I have spent two evenings on the radio since I came back. I had three very brief chats with some VK, ZL and one G4 . I tend not to call CQ anymore now because 9V is always spotted on the clusters and I am expected to send 599 TU all night, which I do not enjoy. When spotted I generally work a few and go QRT.

    Most of what I hear on the radio now are contesters and DX-ers, but part of that is because of location. If I lived in the States or Europe it would be easier to find a good rag chew.

    I had lunch with James 9V1YC a couple of months ago and he mentioned that Cliff has gone QRT for good. Nobody knows why. But I suspect he may have become bored with the way CW exchanges are conducted these days. In any case I hope he will come back.

    I hear T30D working a pileup on 40m now, very strong, but I don’t think he would want to ragchew. It’s been a few hours of 599 for him. For us it seems an odd existence but each to his own. Last weekend was 599 and a number followed by TU. Some contest or other. The WARC bands were very quiet.

    It is easy to get depressed. The best thing is to walk away as I do and get into something else for a while. I am still struggling with Gardiner’s book. I have had it 4 weeks now but I can’t absorb more than ten pages at a time. His analysis seems aimed at professional conductors and singers rather than the simple layman like me !

    See you on the air soon

    1. John,

      Welcome back home! Knowing that you should be back home by now, I wondered how you had been doing.

      I fully understand that you have been annoyed by piles of callers to you once you called CQ. DK2SC, when he was in 9X land, used to make discipline to those breaking in his ragchewing. You might not want to be involved with those ettiquette less callers.

      I have been calling CQ just below that T30D for a while. Again, no callers to me. This paucity or raqrity of ordinary QSOs might be related with DXing and contesting, I believe. They pursue only such a thrill they could have in those competitions, or exactly, rat races. Coversational QSOs are ignored. More and more are losing will and capability to converse on CW. Newbies are not able to do the ordinary QSO. Oh, that is enough. I would try not to be too pessimistic for this. Let it go. It would go as it does. No room for me to do with this issue.

      I have given up that Gardiner's book at present. Carmel Impresarios by D.J Gordon, describing the history of Carmel Bach Festival, is the book I am going on reading every evening. A bit easier for me to read. And intersting as well. A good friend of mine, Bob W6CYX, a repeating attendee to the festival, recommended me to read it. After finishing this, I would challenge Gardiner later. Dave, K6XG, told me to read it, referring to the source of the music whevener certain piece is discussed in the book. I agree Gardiner has thought of some professional musician for the reader.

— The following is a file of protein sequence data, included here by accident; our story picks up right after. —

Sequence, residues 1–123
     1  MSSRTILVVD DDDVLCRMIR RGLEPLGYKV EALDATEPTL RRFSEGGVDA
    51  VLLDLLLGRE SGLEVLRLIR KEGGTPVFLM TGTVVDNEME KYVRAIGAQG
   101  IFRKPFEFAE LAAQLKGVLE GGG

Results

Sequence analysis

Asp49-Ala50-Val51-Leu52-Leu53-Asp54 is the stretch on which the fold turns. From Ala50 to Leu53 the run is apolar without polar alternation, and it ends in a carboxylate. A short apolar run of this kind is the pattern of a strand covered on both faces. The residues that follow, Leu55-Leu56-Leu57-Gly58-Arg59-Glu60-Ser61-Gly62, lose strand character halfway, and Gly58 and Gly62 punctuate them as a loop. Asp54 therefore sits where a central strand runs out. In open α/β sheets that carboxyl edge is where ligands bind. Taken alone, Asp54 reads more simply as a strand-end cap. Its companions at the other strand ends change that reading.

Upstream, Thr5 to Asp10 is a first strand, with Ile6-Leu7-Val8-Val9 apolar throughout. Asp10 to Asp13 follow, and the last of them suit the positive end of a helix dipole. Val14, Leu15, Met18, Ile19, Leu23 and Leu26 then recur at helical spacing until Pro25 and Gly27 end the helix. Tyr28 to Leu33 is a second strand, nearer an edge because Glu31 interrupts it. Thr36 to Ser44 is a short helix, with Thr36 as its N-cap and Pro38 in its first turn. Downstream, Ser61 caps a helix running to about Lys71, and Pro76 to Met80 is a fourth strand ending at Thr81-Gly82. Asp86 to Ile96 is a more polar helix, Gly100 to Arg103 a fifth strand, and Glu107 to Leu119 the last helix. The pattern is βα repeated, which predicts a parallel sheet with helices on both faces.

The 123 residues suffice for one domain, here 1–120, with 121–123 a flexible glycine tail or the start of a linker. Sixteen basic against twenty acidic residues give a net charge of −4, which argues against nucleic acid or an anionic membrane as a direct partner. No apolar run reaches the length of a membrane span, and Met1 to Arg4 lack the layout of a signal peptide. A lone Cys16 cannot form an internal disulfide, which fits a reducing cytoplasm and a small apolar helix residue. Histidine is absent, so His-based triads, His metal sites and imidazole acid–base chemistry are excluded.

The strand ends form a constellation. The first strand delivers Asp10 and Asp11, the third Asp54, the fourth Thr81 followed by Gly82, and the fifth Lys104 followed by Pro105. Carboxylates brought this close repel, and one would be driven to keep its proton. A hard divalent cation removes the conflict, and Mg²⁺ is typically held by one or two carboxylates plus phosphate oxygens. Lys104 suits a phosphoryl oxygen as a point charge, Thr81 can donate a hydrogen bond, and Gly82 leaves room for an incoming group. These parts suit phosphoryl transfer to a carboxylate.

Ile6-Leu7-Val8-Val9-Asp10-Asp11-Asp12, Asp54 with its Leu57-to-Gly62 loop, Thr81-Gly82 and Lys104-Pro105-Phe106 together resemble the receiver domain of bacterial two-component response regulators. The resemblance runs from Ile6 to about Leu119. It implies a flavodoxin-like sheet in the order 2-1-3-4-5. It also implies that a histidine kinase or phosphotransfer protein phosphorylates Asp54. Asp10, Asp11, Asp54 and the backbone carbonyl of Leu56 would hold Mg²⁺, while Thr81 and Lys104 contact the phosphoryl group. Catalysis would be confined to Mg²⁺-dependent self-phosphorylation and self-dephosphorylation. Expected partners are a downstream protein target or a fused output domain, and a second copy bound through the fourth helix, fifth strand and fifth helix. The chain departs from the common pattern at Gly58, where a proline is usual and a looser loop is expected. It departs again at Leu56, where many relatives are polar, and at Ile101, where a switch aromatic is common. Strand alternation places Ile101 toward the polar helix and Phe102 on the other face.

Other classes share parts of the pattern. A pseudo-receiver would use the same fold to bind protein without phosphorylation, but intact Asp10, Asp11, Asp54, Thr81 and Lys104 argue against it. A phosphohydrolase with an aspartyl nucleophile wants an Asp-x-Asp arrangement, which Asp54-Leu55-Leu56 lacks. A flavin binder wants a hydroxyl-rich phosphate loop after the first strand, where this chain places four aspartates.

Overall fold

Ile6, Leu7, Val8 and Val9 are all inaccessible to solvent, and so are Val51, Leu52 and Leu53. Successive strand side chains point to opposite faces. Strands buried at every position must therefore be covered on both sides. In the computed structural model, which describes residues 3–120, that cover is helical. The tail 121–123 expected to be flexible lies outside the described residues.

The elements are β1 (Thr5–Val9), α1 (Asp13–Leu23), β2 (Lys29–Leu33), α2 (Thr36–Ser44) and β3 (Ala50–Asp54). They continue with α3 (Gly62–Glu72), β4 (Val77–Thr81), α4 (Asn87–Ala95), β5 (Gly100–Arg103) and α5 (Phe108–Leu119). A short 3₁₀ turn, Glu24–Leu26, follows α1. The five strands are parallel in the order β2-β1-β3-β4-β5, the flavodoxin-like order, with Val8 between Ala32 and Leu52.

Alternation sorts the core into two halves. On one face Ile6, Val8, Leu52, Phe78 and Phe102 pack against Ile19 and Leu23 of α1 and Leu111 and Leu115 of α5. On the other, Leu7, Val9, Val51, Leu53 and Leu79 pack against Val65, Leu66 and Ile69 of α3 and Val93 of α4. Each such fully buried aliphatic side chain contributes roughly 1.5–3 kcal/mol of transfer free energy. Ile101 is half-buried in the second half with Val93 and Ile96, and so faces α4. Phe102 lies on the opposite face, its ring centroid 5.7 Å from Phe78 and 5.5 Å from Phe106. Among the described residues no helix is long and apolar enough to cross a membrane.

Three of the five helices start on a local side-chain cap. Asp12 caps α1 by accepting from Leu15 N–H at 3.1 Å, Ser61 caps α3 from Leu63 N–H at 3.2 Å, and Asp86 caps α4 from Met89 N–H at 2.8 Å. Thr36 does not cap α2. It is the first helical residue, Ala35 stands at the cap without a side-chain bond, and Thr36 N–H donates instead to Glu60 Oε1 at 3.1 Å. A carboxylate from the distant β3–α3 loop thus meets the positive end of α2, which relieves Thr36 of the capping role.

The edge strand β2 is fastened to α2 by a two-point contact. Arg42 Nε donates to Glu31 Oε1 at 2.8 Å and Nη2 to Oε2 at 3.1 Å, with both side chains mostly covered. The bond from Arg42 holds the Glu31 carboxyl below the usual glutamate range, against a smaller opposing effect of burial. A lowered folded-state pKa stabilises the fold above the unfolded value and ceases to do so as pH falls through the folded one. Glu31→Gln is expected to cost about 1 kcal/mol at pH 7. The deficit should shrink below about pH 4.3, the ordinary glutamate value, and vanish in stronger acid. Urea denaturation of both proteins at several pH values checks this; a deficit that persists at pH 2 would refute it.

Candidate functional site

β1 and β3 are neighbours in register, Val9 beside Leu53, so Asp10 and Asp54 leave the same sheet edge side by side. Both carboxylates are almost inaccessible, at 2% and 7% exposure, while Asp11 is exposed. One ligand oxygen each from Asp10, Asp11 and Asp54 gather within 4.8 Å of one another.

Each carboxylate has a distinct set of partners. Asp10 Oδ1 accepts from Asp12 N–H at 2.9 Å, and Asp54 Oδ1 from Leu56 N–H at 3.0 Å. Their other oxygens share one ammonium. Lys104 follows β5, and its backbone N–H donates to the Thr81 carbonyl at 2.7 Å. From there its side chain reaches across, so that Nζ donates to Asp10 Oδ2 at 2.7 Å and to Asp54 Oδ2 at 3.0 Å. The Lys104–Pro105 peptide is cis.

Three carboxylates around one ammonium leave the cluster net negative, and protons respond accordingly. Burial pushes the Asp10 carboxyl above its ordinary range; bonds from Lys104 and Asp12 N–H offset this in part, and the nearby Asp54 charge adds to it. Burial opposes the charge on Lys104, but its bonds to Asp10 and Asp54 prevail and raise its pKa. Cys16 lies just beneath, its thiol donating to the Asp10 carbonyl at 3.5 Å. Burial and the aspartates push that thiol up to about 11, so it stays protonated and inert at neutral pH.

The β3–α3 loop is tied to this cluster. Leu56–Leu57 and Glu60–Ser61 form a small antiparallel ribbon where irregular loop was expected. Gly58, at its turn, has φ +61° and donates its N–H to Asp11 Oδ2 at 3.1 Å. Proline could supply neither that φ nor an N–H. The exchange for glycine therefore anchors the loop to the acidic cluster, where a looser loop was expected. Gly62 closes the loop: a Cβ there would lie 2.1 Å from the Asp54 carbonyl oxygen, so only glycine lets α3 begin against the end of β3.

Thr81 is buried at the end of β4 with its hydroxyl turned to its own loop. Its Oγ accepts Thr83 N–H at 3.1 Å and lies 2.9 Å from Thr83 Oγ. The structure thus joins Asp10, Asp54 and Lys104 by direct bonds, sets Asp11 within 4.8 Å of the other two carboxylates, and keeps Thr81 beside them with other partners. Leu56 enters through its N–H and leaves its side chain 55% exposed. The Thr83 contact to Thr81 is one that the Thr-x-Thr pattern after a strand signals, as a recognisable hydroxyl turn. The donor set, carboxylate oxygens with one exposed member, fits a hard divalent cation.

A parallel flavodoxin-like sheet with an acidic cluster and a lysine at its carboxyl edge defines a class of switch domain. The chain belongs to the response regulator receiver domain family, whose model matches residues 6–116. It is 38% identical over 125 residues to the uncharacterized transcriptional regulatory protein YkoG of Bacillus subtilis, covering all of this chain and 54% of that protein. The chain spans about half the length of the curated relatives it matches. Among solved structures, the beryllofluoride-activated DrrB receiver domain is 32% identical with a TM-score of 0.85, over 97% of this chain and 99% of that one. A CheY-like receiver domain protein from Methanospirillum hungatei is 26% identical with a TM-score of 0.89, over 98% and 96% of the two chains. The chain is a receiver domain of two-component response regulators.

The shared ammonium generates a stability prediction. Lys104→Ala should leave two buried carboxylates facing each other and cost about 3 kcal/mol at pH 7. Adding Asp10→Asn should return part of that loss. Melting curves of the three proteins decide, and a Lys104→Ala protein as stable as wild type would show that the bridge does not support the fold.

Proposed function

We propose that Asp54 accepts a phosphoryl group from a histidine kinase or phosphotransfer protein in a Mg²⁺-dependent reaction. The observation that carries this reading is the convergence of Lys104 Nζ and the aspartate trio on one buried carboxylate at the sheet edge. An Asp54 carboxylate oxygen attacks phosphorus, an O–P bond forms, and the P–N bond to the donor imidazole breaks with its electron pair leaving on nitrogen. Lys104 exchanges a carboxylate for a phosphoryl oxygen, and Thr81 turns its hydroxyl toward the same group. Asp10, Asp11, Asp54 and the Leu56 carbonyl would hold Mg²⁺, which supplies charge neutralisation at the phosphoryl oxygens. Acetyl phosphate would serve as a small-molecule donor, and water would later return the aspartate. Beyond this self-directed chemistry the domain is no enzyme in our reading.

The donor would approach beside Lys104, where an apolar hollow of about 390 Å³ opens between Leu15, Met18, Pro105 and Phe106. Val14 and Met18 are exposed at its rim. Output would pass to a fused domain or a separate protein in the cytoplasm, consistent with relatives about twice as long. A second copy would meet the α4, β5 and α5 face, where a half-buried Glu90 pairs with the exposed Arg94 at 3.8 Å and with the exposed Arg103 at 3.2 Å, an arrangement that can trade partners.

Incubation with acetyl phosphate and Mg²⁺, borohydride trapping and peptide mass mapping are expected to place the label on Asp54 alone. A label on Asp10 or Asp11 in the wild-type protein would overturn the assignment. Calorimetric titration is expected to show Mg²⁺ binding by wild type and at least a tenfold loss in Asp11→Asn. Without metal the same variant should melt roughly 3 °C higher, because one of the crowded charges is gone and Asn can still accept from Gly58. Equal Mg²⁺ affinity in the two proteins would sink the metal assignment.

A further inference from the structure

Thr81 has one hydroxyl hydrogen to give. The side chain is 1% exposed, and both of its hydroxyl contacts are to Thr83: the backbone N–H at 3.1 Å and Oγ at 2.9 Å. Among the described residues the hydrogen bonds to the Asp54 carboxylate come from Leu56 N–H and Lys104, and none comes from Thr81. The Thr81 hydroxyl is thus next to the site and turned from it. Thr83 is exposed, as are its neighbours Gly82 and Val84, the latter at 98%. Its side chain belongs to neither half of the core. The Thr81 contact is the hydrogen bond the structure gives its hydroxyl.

Recently, I knew Piazzolla has been taught composition by Boulanger in Paris when he was young. He has got an important suggestion to compose music with his own background of Tango. Piazzolla has been my favorite these days. Oh, he is long after the age of Bach...

      See you soon. I am looking forward anothe enjoyable chat. Take good rest at home, even though you might work ashore again.


    2. PS;I mentioned of Boulanger because I knew from his book that Gardiner used to learn composition from here as well.

      What a messy sentences! It is the time for me to hit the sack!

    3. Hello OM Shin,

      It was really good to hear you on today. It's been a while since I've had a good ragchew and that is what we had. I looked on QRZ and found the link to your blog and see this topic and how timely.

      I had to take a hiatus from the radio back between 95 and 02, I would get on with QRP intermittently between 02 & 05 but my on the air hamming took that long break and when I got back on, I found the 599 73 QSO was the more common experience. Being a DXer I always like the DX but now-a-days DX means there is a pileup waiting to be unleashed as soon as a contact is completed. I see it like grains of sand at the isthmus of an hour glass, each having to wait for the longest time and then the momentary rush and its over. Not my idea of fun but it appeals to many.

      I remember when I first got my license, 40M was the band to go to and you had the battle of the broadcast stations and the (then to me) high speed CW ops who would not slow down to a novice's speed. Still, 40M was a great ragchew band and my favorite for that purpose.

      It was genuinely good to chat with you today. My location is not good any more and it is full of QRM from many sources but mostly from the electrical arcing and switching systems less than 100 feet from my antenna, the noise level makes it difficult at times to hold a ragchew and tonight was unfortunately one of those.

      And to that, our first QSO was Feb 14, 1987 on 40M and we exchanged QSL cards. I believe I was in Louisiana at the time. It was my pleasure then and it is my pleasure today to QSO with you. I look forward to many more.

      73 Shin San,

      Gary KA1J

    4. Gary,

      It was a pleasure for me to meet you after some interval. I am sorry the condition was dropping in some time and the noise at your QTH has prevented us from enjoying ragchewing longer. I hope to catchi you again soon.

      Have you returned there to care for your parents? The photo in QRZ.com looks so nice. Both you and your father look very happy. It has made me touched to hear that. I used to live with my parents here. Both of them have gone away now. I often recall them thinking I should have done more for them.

      Your observation is right that much less are enjoying ragchewing. Now contest style QSOs are prevailing. No use complaining of this. All we could do is just to enjoy it as we have done. Some people may know how pleasant it is to have ragchews and may follow us.

      See you soon.